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You never know what’s going to turn up in the desert.

I’m not just talking about the cactuses and jumbled boulders of Joshua Tree National Park, though they seduce rock climbers by the thousands and were part of what motivated me to make the 150-mile drive here from L.A. The weirdness of the desert was an attraction too, from the local radio ads for a mail-order “herbal breast enhancement” formula to the horse hitched to a post at the Joshua Tree gas station.

But this trip was driven mostly by curiosity about another novelty: the growing crop of offbeat lodgings in the park-adjacent communities of Joshua Tree and Twentynine Palms. This group includes the Mojave Rock Ranch Cabins, a series of four kitschy, two-bedroom ranchito homes on an isolated mesa; the Villa dei Fiori, a flower-festooned and fastidiously kept house with its own adjacent cave; and Rosebud Ruby Star, an artsy B&B; with two rooms, a separate bungalow and resident horse and mule.

That’s not to say there’s another Palm Springs rising here. Joshua Tree park attendance has been relatively flat since 1994, hovering between 1.1 million and 1.4 million a year. During the hot, slow summer months, traffic is light enough on the park’s main road that coyotes can stroll at dusk with impunity. The combined population of Twentynine Palms and Joshua Tree, though growing, remains just 25,000 to 30,000. Innkeepers say most visitors to the area are inclined toward spartan hotels or camping.


The new innkeepers are counting on those visitors with a more platonic admiration for the desert: They love it, but don’t need to sleep with it.

In my tour of the offbeat lodgings, I stayed two nights at the self-catering Villa dei Fiori, spent another night at the Rosebud Ruby Star Bed & Breakfast and inspected the Mojave Rock Ranch Cabins inside and out.

The Mojave Rock cabins, which lie about eight miles from the park’s west entrance across a dry lake bed, are the most striking of the bunch. The owners, landscape designers Troy Williams and Gino Dreese, decamped from Los Angeles in 1996 and began with a single rental house, known as the Ranch. Since then they have begun buying, overhauling and renting out neighboring residences in their quiet corner of the desert.

Now their territory covers more than 100 acres and holds four rental houses in the Gene-Autry-meets-Simon-Rodia school of design: the Ranch, the Bungalow (opened in 1997), the Homesteader (1998) and the Casita (1999). Each house has two bedrooms, kitchen and one bath, comfortably sleeping two couples or one family.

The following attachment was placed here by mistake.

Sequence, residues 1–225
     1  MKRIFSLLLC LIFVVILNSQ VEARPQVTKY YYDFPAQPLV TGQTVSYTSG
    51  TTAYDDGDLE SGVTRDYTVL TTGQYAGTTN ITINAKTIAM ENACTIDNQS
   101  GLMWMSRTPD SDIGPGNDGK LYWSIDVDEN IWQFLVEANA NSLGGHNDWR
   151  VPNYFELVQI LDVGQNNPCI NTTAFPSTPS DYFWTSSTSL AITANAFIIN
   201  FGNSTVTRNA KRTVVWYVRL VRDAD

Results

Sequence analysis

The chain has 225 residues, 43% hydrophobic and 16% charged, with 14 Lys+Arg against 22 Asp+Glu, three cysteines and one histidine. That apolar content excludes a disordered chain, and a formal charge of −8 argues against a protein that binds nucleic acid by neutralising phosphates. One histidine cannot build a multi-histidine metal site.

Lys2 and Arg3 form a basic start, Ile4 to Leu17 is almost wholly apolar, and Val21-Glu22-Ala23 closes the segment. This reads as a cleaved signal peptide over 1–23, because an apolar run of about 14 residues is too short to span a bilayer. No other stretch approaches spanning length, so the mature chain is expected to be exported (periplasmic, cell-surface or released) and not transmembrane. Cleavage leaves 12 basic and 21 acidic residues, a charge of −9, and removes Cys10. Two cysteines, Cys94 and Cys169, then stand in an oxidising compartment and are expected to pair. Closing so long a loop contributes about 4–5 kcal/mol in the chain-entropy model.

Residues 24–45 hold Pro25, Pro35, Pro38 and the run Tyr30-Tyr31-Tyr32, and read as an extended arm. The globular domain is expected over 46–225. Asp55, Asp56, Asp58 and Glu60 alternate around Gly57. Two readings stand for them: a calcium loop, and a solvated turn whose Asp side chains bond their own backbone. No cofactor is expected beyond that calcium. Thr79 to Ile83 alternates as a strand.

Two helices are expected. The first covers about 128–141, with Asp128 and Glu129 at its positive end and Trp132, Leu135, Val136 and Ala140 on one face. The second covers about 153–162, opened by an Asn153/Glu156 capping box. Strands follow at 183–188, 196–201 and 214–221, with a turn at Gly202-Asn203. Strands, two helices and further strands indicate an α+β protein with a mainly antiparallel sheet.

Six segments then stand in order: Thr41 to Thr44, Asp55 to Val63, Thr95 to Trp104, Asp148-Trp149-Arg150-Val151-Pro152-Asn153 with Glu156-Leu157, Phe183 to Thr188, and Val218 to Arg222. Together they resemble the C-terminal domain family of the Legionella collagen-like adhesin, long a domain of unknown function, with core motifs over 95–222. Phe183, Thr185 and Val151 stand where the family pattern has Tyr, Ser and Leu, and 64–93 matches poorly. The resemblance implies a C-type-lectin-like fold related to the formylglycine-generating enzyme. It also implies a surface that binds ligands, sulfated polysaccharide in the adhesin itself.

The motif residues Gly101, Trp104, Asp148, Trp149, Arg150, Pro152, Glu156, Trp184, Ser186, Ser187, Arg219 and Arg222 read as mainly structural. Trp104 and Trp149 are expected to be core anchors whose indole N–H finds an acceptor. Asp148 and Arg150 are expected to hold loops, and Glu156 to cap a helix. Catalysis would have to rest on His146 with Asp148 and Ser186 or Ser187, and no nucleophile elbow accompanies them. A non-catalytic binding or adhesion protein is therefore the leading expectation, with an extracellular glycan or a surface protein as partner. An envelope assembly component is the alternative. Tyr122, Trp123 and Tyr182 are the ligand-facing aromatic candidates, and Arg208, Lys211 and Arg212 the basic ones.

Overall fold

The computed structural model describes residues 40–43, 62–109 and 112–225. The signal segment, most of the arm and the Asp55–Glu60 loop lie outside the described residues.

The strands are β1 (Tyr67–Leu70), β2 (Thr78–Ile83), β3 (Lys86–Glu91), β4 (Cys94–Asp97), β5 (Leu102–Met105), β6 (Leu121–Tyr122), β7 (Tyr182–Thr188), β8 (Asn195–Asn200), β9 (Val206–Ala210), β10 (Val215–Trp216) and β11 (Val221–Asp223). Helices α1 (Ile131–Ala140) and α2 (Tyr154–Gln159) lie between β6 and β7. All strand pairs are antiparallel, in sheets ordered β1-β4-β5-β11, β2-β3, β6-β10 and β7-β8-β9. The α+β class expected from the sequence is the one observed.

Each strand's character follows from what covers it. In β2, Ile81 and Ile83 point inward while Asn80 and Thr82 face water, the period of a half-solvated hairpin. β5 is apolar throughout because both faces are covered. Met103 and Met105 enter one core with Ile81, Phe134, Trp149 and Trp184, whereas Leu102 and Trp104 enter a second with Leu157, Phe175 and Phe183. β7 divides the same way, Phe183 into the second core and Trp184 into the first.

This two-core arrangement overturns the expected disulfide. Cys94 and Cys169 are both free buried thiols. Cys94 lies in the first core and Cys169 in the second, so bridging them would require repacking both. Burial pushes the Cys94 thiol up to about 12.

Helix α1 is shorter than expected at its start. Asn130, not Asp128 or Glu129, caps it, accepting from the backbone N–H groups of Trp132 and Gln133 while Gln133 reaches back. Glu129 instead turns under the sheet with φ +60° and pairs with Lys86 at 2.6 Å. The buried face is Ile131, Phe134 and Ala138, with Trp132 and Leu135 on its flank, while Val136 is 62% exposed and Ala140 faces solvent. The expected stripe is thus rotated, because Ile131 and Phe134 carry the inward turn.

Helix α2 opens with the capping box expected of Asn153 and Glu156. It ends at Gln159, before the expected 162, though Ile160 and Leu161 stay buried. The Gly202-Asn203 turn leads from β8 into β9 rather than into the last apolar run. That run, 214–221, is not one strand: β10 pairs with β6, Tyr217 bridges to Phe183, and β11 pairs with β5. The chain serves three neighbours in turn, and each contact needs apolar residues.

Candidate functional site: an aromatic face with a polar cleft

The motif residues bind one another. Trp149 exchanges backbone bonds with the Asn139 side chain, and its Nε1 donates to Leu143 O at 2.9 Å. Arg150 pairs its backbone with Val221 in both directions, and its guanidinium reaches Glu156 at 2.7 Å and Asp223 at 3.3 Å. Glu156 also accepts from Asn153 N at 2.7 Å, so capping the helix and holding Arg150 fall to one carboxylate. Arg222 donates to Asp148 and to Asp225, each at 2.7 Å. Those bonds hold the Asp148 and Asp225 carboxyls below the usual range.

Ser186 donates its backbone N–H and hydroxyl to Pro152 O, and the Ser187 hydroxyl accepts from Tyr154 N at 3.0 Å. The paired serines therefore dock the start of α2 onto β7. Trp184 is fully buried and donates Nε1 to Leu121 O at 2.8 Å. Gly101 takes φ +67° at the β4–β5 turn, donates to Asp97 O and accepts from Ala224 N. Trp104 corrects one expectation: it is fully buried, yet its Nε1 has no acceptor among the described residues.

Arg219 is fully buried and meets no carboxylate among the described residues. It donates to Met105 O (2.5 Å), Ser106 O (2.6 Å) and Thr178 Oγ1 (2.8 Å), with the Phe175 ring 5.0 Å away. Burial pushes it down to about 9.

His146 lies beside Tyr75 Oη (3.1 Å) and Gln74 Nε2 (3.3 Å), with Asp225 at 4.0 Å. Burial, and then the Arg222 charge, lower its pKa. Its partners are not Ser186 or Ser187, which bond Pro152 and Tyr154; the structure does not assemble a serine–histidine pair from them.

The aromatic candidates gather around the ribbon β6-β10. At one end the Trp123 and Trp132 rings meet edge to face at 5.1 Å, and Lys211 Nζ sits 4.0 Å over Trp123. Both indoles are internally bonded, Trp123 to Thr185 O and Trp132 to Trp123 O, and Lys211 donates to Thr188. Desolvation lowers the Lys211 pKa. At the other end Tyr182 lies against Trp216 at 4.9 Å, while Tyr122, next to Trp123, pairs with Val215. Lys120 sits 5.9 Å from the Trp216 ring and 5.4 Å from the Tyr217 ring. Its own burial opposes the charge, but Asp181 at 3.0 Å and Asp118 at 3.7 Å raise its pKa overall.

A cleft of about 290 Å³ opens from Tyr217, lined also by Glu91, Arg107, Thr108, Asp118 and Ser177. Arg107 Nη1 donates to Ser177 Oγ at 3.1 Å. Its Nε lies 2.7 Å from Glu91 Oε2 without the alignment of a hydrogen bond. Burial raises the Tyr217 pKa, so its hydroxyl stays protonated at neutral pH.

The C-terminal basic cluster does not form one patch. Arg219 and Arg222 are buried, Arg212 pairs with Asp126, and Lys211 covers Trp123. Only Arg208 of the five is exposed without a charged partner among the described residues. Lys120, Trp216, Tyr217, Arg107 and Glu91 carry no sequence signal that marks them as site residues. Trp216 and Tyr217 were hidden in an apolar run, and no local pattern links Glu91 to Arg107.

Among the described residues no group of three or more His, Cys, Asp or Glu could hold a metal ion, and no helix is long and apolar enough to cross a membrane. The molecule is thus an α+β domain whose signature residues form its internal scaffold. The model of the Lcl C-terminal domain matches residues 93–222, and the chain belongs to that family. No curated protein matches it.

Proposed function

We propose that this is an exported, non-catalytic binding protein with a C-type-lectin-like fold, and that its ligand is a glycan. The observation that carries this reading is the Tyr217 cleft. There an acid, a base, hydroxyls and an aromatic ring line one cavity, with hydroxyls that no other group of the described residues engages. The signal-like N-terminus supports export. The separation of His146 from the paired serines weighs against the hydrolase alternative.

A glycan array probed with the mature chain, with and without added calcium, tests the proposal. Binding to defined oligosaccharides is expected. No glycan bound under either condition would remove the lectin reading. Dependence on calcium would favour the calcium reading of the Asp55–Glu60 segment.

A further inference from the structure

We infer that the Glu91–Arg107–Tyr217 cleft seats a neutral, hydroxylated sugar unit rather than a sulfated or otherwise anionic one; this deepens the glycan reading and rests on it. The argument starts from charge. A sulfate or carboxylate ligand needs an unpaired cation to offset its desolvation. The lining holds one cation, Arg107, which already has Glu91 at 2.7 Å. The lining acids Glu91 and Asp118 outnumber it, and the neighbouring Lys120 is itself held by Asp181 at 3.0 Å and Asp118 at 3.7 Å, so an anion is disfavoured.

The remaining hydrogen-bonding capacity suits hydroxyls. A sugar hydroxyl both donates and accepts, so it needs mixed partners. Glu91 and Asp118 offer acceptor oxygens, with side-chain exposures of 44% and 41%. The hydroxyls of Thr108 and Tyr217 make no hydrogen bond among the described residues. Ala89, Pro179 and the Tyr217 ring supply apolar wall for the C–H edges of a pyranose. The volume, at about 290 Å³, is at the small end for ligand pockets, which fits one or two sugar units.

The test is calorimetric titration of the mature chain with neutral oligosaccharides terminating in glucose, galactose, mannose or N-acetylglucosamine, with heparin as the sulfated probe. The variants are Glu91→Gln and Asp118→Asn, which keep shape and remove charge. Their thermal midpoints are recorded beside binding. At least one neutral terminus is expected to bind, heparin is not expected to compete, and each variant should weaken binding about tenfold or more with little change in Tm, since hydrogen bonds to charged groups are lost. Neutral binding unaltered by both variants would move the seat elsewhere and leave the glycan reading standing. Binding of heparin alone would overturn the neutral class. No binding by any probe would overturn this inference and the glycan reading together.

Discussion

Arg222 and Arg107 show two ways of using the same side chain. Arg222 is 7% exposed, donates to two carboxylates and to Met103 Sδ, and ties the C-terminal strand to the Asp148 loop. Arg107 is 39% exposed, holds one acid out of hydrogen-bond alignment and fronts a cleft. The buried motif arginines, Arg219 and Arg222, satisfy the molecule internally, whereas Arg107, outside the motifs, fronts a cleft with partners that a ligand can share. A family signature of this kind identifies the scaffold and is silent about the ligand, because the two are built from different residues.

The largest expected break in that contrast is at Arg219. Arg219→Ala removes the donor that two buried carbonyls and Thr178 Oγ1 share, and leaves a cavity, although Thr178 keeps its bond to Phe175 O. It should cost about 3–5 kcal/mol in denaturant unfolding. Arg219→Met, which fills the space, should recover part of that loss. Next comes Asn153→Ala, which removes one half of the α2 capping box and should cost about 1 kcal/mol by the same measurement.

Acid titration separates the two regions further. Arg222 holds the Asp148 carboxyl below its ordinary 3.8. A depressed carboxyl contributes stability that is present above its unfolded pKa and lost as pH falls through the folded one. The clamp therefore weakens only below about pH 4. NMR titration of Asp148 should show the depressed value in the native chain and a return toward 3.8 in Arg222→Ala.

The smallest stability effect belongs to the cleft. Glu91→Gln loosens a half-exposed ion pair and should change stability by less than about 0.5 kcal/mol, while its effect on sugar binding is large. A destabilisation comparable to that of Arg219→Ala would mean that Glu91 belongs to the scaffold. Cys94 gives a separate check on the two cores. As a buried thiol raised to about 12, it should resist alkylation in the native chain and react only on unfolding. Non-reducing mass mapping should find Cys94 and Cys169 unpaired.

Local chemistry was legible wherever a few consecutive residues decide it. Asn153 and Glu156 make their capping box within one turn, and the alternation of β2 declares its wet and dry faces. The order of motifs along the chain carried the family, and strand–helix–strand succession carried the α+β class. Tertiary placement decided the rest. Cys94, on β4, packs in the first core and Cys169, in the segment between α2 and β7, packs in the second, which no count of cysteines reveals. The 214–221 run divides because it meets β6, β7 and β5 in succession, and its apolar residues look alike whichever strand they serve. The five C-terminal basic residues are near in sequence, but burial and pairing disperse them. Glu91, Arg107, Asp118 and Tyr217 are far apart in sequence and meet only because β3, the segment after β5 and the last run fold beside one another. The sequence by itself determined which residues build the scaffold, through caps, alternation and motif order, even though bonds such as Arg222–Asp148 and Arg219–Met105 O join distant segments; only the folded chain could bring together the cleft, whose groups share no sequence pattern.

Each also features a tiny rooftop satellite dish and small TV set. To compensate for the absence of a swimming pool, each cabin’s garden includes a “cowboy spa”--an aluminum horse trough about the shape and depth of a bathtub. Pets are forbidden inside, but each house has a dog run.

As word has spread about the places, rates have climbed; they now run $275 to $325 per night, fairly stiff in a territory where houses routinely sell for less than $60,000.


From their rich cactus and succulent gardens to the stamp collections lacquered onto kitchen counters to the California flag doing duty as bedroom drapes, the houses are as full of playful, bold strokes as the windows are full of broad desert vistas. Clearly, the setting appeals to those with a flair for the dramatic: The proprietors say that close to 90% of the ranch’s guests work in the entertainment industry.

Nestled on a hillside about two minutes’ drive from the park’s west entrance, the Rosebud Ruby Star Bed & Breakfast is the brainchild of aspiring artist and Ohio transplant Sandy Rosen. It consists of two small guest rooms (with private baths, vivid palettes and their own patio doors) attached to Rosen’s Santa Fe-style home. After buying in 1998, Rosen took in her first guests in spring 1999.

There’s no pool on the five-acre lot, but there is the diversion of Rosen’s horse and mule, which occupy an enclosure that once was a tennis court. The innkeeper serves a fine breakfast on the patio--coffee, juice, fruit, French toast, bacon and potatoes. Rates run $140 per room per night, double occupancy.

There’s also a third choice on the property: the B’iltmore Bunkhouse, a small, free-standing homesteader’s cabin with kitchenette ($152 nightly) and a low-ceilinged upstairs sleeping loft that can accommodate two kids or a second couple ($193 takes all).

Villa dei Fiori is Dale Allan Pelton’s fittingly elegant name for the three-bedroom, one-bathroom home he keeps in the shadows at the edge of the national park’s west end. Pelton, a film industry art director, has been quietly renting out the home for about nine years and just completed an interior redecoration.

It’s a gorgeous place, with wine-red and orange walls, original artworks, a hefty library of art, design and gardening books, four vine-draped pergolas and a boulder-strewn backyard, with its own fire pit and cave.


Anyone who stays there will have to abide by Pelton’s high standards of tidiness.

“If you remove a book from the shelf, be certain to return it to the same position so that the library may remain organized,” says a notice taped to the shelf. It adds that guests should keep the book spines aligned on the shelf’s front edge “so that air may circulate behind them.”

On the inside doors of the kitchen cabinets, Polaroid photos offer a model of how the dishes should be arranged. And despite rates of $175 to $225 nightly, guests are asked to pack out their own garbage.

Children are allowed at Villa dei Fiori, but I’d argue against bringing them. Even with that boulder cave out back, this house is really a playground for well-behaved grown-ups.